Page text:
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# 1. Count-min banking

Suppose we have a Cormode-Muthukrishnan count-min filter (see DataStreamComputation), but we allow negative increments while still using the min function to compute results.

1. Show that as long as the total value ai for every index i is non-negative, the same bounds hold as in the non-negative increments case.

2. Suppose that we are using the count-min filter to process bank transactions, and that we reject any increment (it,ct) that would cause some counter in the count-min filter to drop below zero. The idea is that at the end of the day, any depositor for which ai > 0 will ask for their money back, while any depositor for which ai < 0 will vanish, leaving the bank with the missing money. Let S be the set of indices i for which ai<0, and let T be the set of indices i for which ai>0. What bounds can you put on ∑i∈S ai as a function of the number of indices n and ∑i∈T ai?

# 2. A corrupt random number generator

Suppose you are asked to provide a mechanism that generates a sequence of n random bits, with the guarantees that (a) each bit is equally likely to be 0 or 1, and (b) the bits are pairwise independent. For nefarious reasons of your own, you would like the probability of getting all ones to be as large as possible.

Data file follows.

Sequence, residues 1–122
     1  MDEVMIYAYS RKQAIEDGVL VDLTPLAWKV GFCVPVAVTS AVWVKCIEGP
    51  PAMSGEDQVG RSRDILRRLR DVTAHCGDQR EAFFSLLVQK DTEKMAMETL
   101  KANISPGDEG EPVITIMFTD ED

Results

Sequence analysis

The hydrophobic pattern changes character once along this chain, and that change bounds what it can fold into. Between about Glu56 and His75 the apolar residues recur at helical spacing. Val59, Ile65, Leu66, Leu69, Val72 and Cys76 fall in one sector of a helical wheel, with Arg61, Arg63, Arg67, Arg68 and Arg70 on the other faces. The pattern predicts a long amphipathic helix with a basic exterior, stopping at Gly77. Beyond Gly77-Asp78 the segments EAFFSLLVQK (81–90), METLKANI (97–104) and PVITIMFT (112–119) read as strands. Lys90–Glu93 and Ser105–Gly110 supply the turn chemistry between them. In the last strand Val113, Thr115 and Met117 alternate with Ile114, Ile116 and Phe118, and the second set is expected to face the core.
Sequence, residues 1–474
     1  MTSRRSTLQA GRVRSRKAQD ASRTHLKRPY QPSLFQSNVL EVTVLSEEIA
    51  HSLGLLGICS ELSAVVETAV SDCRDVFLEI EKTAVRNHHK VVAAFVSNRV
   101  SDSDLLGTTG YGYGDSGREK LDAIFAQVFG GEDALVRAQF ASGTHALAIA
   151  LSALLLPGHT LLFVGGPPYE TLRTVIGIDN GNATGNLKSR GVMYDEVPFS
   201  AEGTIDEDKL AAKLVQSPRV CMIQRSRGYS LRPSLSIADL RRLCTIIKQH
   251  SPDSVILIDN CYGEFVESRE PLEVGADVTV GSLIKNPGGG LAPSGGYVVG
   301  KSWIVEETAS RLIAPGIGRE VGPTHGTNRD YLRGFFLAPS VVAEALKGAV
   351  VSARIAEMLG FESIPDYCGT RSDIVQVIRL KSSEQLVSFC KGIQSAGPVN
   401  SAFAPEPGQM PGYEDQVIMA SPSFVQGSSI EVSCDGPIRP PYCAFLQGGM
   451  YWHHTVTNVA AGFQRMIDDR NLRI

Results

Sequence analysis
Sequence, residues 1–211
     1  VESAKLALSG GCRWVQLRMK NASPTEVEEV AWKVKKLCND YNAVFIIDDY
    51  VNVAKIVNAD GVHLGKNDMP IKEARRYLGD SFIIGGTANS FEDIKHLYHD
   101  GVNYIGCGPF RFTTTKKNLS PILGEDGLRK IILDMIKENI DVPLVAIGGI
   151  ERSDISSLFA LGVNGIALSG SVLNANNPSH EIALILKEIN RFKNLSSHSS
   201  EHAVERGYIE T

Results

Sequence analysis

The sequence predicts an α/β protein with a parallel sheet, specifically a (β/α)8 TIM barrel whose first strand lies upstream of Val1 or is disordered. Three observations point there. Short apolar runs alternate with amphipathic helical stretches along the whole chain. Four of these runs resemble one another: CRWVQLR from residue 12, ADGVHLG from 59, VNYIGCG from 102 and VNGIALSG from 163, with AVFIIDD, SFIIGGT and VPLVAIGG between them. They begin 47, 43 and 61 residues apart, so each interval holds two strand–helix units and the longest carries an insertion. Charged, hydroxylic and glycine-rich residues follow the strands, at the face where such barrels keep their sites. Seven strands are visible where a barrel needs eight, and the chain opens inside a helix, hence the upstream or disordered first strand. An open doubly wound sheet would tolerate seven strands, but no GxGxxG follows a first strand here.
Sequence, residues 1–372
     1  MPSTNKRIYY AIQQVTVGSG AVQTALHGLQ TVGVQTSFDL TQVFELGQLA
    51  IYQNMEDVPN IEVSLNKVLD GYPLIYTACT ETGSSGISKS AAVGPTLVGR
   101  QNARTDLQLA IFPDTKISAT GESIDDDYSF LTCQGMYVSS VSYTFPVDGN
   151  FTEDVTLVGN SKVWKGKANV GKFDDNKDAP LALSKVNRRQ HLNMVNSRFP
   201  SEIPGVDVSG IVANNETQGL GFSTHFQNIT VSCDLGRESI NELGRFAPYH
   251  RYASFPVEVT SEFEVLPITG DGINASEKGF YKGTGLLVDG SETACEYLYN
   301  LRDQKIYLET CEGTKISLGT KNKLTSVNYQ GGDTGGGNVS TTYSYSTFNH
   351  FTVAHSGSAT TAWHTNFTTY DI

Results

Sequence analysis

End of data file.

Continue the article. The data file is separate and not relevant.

1. Use Chebyshev's inequality to get an upper bound on the probability that all bits are one.
2. Give a construction that approaches this upper bound to within a constant factor.

# 3. Hash table expansion

It is necessary to keep the load factor in a hash table constant to obtain O(1) search costs. The usual method for doing this is to grow the hash table if it gets too full. We can abstract this as an on-line problem where we are given a request sequence x1, x2, ..., where xt∈ℤ+ is the number of elements in the hash table at time t, and we must respond with a sequence of hash table sizes y1, y2, ..., where yt≥xt for all t, and whenever yt≠yt-1 we incur a cost yt.

Give the best algorithm you can for this problem, measured in terms of the competitive ratio. Assume that the adversary is oblivious.

2014-06-17 11:58